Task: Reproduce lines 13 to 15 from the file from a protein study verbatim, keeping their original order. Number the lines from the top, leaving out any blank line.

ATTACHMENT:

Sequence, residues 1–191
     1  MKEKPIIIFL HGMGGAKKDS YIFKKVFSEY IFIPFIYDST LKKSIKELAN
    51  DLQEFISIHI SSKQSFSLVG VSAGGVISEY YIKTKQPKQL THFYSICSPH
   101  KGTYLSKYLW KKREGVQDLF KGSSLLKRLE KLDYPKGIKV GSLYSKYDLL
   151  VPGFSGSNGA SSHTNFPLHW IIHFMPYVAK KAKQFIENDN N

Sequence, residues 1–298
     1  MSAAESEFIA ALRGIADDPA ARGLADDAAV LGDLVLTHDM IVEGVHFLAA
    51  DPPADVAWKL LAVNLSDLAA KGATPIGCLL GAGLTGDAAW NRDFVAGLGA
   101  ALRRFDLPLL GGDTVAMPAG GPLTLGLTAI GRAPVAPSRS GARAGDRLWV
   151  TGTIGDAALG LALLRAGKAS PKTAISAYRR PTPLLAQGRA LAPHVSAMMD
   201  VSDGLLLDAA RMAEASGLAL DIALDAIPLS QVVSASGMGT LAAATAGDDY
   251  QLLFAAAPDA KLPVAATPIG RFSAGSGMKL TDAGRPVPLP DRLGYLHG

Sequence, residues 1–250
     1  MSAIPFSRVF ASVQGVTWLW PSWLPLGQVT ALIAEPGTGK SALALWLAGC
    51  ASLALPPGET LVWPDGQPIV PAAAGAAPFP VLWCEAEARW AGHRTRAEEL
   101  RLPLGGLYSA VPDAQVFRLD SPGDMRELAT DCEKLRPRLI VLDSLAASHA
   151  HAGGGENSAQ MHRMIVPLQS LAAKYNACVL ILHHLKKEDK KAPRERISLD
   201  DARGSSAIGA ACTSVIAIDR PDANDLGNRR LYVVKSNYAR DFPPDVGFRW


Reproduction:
Sequence, residues 1–250
     1  MSAIPFSRVF ASVQGVTWLW PSWLPLGQVT ALIAEPGTGK SALALWLAGC
    51  ASLALPPGET LVWPDGQPIV PAAAGAAPFP VLWCEAEARW AGHRTRAEEL